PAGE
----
Thursday, November 05, 2009

Silver Linings

The gray cloud of not acquiring Akinori Iwamura has all kind of silver linings which I’d love to dive into today.

Geek Chorus: Actually, you would have loved to dive into them yesterday, but you were too lazy to finish the column.

Yes. Yes, I was. And that was the Geek Chorus, whose job it is to keep me honest. So honestly, while I'm disappointed to not get Iwamura, there are plenty of positive signs to come out that little episode. Like:

Silver Lining #1: The Twins are interested in upgrading at second base.

Geek Chorus: Uh, doi?

"Doi?" You're going with "Doi?" Nicely done. Very retro.

For most of the nation, this is a "Doi." But those folks don’t root for the Twins, who could trot out at least two reasons to not upgrade:

1) Nick Punto played competently there down the stretch and
2) Alexi Casilla is out of options

The Twins might still mention either or both of those reasons later this offseason, just as Bill Smith did in his interview with TwinsCentric for the Offseason GM Handbook two weeks ago. But neither stopped the Twins from trying to acquire a competent replacement who was going to cost them just short of $5 million next year.

Geek Chorus: Provided it didn’t cost them a B-level prospect – god forbid.

Yeah, the hoarding mentality remains annoying, but there are a slew of free agent second basemen who don’t cost them a B-level prospect, too. Which brings us to…

Silver Lining #2: As good a fit as Iwamura was to plug the vacancy at second base, there are at least a half dozen better fits who will be available this offseason.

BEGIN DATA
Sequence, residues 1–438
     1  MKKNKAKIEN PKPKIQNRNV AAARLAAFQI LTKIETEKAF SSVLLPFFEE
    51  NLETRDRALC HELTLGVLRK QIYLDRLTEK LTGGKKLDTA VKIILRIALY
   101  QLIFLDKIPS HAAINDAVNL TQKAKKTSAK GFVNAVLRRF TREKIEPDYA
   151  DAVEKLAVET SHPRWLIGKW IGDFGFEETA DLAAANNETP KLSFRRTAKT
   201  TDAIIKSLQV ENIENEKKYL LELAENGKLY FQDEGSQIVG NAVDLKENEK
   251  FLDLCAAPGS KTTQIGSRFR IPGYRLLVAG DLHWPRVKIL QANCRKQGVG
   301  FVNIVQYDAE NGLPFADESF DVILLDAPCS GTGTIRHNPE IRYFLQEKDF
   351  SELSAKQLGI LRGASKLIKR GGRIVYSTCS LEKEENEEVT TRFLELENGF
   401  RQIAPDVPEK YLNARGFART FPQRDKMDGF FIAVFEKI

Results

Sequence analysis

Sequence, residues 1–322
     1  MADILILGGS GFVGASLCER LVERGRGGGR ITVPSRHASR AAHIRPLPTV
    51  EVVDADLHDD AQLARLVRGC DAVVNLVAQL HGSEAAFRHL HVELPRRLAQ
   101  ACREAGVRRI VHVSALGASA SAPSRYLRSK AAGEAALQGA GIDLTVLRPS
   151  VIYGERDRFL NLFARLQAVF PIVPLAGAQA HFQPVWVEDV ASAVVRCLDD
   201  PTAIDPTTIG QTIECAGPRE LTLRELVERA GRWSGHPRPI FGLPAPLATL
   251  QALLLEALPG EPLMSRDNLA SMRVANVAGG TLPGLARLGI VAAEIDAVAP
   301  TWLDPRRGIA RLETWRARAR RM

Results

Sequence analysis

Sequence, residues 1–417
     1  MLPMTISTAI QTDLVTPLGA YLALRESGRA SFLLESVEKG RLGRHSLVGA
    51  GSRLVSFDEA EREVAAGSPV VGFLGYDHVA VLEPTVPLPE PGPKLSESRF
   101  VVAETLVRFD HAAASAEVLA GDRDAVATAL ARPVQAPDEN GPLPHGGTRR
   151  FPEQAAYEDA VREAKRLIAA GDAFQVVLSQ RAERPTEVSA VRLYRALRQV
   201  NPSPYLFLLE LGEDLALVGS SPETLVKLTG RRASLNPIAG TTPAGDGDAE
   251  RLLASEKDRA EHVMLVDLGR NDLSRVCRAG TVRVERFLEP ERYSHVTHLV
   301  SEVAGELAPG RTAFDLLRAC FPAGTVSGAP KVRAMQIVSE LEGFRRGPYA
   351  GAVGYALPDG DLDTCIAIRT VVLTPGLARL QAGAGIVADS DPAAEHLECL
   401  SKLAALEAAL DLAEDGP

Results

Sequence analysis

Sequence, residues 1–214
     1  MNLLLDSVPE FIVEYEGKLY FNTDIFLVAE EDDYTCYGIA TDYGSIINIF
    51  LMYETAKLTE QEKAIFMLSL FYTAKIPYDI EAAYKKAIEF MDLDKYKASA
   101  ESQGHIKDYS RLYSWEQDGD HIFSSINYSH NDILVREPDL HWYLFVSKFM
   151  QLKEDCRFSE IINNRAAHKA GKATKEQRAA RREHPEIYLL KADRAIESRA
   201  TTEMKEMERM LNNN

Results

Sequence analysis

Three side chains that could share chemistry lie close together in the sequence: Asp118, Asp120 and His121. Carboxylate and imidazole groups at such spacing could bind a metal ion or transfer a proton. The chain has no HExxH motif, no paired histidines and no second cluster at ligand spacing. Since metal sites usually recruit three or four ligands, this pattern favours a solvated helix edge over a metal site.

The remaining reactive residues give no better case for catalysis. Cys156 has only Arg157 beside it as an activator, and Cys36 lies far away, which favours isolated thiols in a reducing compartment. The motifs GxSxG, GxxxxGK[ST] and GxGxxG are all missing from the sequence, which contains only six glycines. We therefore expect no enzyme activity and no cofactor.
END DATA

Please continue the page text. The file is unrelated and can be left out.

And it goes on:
When we ranked the free agent second basemen in terms of desirability, Iwamura ranked 6th in guaranteed money, behind Freddy Sanchez, Felipe Lopez, Orlando Hudson, Placido Polanco, and Adam Kennedy. And that list doesn’t include Chone Figgins and Mark Derosa, because they were in the list of third baseman. And doesn’t include potential trade targets like Dan Uggla.

Geek Chorus: Ooh. Dan Uggla. Dan Uggla. The most beautiful sound I ever heard. Dan Uggla. All the most beautiful sounds in the world in two single words - Dan Uggla, Dan Uggla, Dan Uggla, Dan Uggla! I just....

We'll interrupt the Bernstein musical in progress because it's creeping me out a little bit. But the Geek Chorus has a point. I may be guilty of a Polanco Crush, but that's only because Uggla is the girl who is way too far out of the Twins' league to be crushing on. He is Caroline Mulford to Polanco's Molly Ringwald.

Geek Chorus: Now who is the creepy one?

We'll move on.

Silver Lining #3: The Twins recognize that Brian Buscher is not the answer.

Geek Chorus: Unless the question is "Who can strike out more often than Delmon Young?"

Yeah, how about that? Last year at this time Buscher was being touted as two-thirds of the answer at third base because of how he hit lefties. But last year, he not only posted a .235 batting average and a 676 OPS, but he struck out 35 times in 136 at-bats, which was the worst ratio on the team.